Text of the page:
need to focus On what corporations and investors to cope with climate risk?
Solutions are well known. All models offer the same strategy: energy efficiency in all sectors: electrification of transport, heating and industry; decarbonizing electricity production and removal of CO2 from the atmosphere.
Thus, there are two sets of technologies needed to bring the net flow of emissions of CO2 to zero. First, those that are able to remove large quantities of CO2 from the atmosphere, which will reduce the stock of past emissions of greenhouse gases. Secondly, those that can store and distribute a large number of renewable energy at low cost, as the penetration of renewable energy sources must exceed 40-50% of total energy demand.
Most of these technologies already exist. But only by their large-scale deployment, they can be effective - and it's in the hands of corporations and investors.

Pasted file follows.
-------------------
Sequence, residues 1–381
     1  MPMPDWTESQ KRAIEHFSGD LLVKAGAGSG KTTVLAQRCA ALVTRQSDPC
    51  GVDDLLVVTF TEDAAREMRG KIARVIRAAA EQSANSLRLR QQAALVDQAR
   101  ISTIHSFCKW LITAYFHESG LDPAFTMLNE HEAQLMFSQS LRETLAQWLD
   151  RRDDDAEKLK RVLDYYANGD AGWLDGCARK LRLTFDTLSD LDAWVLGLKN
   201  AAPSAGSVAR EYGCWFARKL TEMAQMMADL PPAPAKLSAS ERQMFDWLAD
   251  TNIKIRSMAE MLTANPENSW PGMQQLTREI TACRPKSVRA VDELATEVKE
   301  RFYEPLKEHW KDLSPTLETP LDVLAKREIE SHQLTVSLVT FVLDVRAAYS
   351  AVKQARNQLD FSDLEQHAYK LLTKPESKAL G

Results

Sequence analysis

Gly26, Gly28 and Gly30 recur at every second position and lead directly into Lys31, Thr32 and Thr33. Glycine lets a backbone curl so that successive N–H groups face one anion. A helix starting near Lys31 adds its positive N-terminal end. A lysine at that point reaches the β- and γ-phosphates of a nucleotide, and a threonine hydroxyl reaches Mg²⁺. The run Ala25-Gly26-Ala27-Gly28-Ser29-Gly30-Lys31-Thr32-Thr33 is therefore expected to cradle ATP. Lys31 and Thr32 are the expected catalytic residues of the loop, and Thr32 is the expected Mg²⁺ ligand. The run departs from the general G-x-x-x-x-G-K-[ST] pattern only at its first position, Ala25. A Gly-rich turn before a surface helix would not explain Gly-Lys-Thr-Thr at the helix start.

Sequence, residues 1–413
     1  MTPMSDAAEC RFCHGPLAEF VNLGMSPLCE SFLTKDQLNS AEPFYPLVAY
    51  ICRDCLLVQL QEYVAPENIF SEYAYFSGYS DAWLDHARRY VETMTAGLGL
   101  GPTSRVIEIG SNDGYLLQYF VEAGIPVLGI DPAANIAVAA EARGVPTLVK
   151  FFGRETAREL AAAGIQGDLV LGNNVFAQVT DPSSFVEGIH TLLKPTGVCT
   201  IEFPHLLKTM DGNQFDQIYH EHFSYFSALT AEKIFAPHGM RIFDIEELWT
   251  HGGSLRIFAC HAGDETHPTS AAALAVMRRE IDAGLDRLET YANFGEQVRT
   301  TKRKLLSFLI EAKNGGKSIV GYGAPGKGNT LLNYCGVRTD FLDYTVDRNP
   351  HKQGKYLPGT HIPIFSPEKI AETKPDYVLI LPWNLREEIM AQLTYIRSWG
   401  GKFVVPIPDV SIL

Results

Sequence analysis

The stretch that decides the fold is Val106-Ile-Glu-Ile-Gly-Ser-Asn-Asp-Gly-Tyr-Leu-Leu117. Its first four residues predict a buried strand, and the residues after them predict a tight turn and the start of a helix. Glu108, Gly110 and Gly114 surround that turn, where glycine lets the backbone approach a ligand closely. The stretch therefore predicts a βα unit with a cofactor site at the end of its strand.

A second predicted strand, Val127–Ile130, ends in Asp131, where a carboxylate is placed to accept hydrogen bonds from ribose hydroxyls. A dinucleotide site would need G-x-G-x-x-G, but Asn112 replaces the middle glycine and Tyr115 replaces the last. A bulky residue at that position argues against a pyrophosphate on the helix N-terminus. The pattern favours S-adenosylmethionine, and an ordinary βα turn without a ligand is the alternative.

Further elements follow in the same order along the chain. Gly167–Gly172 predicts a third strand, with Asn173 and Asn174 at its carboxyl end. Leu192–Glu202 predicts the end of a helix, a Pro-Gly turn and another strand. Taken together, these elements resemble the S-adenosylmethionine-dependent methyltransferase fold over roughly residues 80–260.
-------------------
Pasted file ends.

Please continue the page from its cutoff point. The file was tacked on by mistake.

do You mean that the private sector should focus on investment in research and development?
Absolutely. To extend the solution to the problem of climate change, investment in R&D is vital, especially those that focus on energy-saving technologies, carbon-free energy technologies, technologies energy storage, smart grids, CO2 removal and CO2 re-use. The required investment effort in research and development in the field of climate and energy the same investment aimed at opening the space during the cold war.
However, this is the second paradox that puzzles me: R & d investments in the energy sector remain lower than in the early 1980-ies. A global patent application on the technology to mitigate the effects of climate change has declined significantly since 2011.
the Total budget for research and development in the field of energy for the countries-members of the IMEA